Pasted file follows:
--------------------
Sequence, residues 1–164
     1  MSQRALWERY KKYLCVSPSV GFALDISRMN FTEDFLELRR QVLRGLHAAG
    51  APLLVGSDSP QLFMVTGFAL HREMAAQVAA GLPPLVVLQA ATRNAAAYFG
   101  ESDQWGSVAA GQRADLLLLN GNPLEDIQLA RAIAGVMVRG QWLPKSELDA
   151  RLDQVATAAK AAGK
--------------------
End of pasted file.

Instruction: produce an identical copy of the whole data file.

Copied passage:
Sequence, residues 1–164
     1  MSQRALWERY KKYLCVSPSV GFALDISRMN FTEDFLELRR QVLRGLHAAG
    51  APLLVGSDSP QLFMVTGFAL HREMAAQVAA GLPPLVVLQA ATRNAAAYFG
   101  ESDQWGSVAA GQRADLLLLN GNPLEDIQLA RAIAGVMVRG QWLPKSELDA
   151  RLDQVATAAK AAGK